| The Red Right Hand
Set over the course of one thousand years, Aronofsky's long awaited Fountain will finally be on general release early next year. Is it worth the hype? Does it live up to its predecessors? Well, yes and no. Opening in 16th Century Spain, we are shown fragmented elements of a conquistador [Jackman] setting out through the jungles of Central America. With the sun rising in the background, Tomas finds himself atop a large ziggurat with one Mayan warrior standing in his way. As the Mayan's flaming sword comes crashing down on Tomas, he awakes in deep space. Yes, I know that sounds ridiculous but bear with me. A bald man sits in a garden, centred by a dying tree, in a large bubble, floating through space; the year is now 2500, exactly one thousand years after the opening sequence. It would be an extreme logic jump to assume the audience has even the slightest clue what's going on, so Aronofsky introduces an even more ambiguous side to the proceedings. The year is now 2000 and Dr. Tom Creo is furiously working on a new drug to combat cancerous tumours. His wife, Izzi [Weisz], is suffering from a brain tumour and as her symptoms become more and more aggressive it becomes clear that she has entered the late stages and Tom is working against the clock. Throughout the film the timeline is cut and shifted, focusing primarily on the present day Tom, then the future Tommy as a secondary element and occasionally showing past Tomas as a tertiary reflective note.
The acting throughout is beautifully portrayed, mainly calling on the efforts of Hugh Jackman. The supporting cast around him keep up but he's leaps-and-bounds ahead of everyone else, adding to the notion that the main focus should be on Tom & Izzi. Rachel Weisz is also astoundingly good but at the same time she is a cancer patient who has not only come to terms with death, she seems to be living on some weird spiritual plain and has accepted her fate. The Fountain is an exceptionally cryptic piece that boasts some incredible revelations but seems to have difficulty explaining them. Most people will enjoy the back and forth story-telling but get immensely irritated with the final scenes, which I feel seems to be due to time constraints. I seem to recall that this started out as a three hour project that had to be cut down after completion. I have no idea why. If you have a movie that needs three hours to explain then use the three hours! I agree, some films need to be cut (something like a new American Pie film comes to mind) but you can't have studios limiting pieces that need time to explain all the ideas, images and emotions they're trying to convey.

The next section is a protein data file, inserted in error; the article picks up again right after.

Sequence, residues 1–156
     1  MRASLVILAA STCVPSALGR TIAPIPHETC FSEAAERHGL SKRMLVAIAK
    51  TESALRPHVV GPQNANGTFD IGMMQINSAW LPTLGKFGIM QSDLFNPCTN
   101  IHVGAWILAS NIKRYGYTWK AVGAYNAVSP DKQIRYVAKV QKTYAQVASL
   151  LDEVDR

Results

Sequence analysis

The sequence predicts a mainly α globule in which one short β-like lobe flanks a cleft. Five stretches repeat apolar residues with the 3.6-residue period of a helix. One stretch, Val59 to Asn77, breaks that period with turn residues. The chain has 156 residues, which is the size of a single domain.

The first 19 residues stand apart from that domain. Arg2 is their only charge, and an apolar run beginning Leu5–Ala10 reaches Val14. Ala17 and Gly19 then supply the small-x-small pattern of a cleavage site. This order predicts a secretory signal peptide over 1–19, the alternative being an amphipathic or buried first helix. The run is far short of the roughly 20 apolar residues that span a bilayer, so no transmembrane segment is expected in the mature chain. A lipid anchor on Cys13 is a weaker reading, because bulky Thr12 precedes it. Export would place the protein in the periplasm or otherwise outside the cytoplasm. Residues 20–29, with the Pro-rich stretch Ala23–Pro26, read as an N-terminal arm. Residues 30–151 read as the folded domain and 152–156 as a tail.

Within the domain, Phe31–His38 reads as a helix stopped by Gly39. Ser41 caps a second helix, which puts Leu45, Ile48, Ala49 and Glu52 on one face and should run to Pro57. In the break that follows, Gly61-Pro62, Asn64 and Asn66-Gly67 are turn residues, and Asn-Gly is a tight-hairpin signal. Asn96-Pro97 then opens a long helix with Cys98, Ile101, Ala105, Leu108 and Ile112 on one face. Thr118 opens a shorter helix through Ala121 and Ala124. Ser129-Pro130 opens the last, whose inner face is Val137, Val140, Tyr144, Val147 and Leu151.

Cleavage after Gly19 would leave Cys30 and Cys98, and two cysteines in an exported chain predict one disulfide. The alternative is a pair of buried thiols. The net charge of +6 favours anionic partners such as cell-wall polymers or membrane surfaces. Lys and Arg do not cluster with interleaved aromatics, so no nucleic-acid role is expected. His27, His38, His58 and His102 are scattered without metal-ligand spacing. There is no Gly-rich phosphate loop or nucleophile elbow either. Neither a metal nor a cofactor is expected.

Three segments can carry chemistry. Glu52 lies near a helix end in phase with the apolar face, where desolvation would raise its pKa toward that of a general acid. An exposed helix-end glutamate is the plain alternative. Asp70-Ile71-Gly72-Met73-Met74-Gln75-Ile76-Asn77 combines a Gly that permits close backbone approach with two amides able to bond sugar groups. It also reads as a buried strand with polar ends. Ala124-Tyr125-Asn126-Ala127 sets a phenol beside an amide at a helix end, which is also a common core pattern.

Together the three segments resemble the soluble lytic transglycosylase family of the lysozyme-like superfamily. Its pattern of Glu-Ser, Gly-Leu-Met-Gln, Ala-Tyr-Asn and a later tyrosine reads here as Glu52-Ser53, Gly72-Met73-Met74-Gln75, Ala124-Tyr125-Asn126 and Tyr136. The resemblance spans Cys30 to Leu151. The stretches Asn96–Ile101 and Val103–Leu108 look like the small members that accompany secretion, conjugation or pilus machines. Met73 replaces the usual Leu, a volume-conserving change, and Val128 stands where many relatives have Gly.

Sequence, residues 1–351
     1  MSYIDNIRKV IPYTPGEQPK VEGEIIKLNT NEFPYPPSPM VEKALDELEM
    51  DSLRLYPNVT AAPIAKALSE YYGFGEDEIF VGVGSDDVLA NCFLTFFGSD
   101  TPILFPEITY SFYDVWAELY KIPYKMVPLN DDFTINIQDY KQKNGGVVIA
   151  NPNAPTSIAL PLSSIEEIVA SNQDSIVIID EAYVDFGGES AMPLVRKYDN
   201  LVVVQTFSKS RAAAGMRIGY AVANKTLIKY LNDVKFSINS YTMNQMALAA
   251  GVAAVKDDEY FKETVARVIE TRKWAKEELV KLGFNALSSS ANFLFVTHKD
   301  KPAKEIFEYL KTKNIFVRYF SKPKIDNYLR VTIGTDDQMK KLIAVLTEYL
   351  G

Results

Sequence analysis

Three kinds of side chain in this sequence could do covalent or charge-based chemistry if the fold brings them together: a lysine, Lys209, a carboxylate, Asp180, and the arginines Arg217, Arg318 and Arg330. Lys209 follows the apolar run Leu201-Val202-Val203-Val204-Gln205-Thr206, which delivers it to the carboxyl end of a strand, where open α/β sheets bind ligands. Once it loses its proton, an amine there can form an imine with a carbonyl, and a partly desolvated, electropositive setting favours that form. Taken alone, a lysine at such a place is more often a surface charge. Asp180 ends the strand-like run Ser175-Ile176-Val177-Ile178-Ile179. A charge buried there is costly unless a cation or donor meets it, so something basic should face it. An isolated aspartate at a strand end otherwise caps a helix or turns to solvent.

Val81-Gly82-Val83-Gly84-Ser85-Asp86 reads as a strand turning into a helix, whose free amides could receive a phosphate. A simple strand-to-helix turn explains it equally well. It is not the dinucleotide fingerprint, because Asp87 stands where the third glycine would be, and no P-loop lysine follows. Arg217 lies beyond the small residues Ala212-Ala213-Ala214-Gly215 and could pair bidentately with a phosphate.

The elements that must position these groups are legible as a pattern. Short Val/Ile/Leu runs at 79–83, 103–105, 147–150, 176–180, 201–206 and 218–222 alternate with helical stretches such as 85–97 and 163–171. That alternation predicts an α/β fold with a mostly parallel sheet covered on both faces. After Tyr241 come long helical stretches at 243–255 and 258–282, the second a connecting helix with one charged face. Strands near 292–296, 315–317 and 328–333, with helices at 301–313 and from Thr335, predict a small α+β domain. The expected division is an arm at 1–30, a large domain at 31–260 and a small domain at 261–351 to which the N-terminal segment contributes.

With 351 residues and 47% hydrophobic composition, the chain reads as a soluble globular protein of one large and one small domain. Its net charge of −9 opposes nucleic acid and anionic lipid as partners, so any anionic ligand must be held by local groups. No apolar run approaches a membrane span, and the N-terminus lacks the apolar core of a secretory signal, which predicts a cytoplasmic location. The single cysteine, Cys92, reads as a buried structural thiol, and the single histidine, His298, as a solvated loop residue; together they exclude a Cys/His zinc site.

This is Aronofsky's third feature-length film and shows the young director not only knows what he's doing and what he wants but that he is the closest thing our generation has to Stanley Kubrick. Unfortunately, one vital element that Aronofsky lacks is one that made Kubrick one of the greatest directors of all time; development. In his quest for a deeply meaningful film, Aronofsky has neglected character development in favour of a clinically executed piece. In other words, this film is too cold. Having said that, this is the only fault I can find with this film. It's a glorious achievement for Aronofsky and really proves that he has a firm grasp on the nature of the cinematograph as an artistic medium, using a new technique to tell an age-old theory. I'm sure that's all very cryptic and you're probably screaming, "Yes, that's all very well and good but I saw that film and I haven't a clue what I was supposed to think or feel!" Once again, I am offering myself and my thoughts up for public scrutiny; if you would like an idea of what this film is about (in my opinion, as Aronofsky openly stated that it means whatever you want it to) then feel free to send me an e-mail and I will send you an explanation. Ultimately, this is a fairy tale. It doesn't really make scientific sense but then it doesn't need to. The whole point of a fable is the moral of the story that helps us live our lives in a fuller way. The moral here is don't fear death, don't welcome death, simply accept death. For the majority of cinemagoers this film is going to be one they respect and admire as opposed to one they like and understand.
26th January 2007
The Scene To Look Out For:
It's hard for me not to pick a revealing scene that will give away too much but in a Memento-esque way, future Tommy begins to inspect the tattoos on his arms, starting with the one around the fourth finger on his left hand. I mainly enjoyed this scene above all others because we witness present day Tom tattooing himself, almost as a punishable act of self flagellation but when he finally realises why he's done this to himself, the overwhelming sense of pleasure reeling from his eyes is fantastic to behold; or at least I thought so.
It would be wrong of me to pick anyone other than Hugh Jackman but I'm going to. Ellen Burstyn offers a superb performance as Dr. Lillian Guzetti, Tom's superior and close friend to both of them. She acts as an anchor and tries to show Tom that it's not a case of trying to cure Izzi, you have to simply spend as much time with her as is permitted.
"Tommy, no one invents new drugs overnight, no one! You're not being rational. You can't fix everything!"
In A Few Words:
"I truly loved and respected this version of The Fountain but I doubt it will be appreciated until we get a Director's Cut DVD"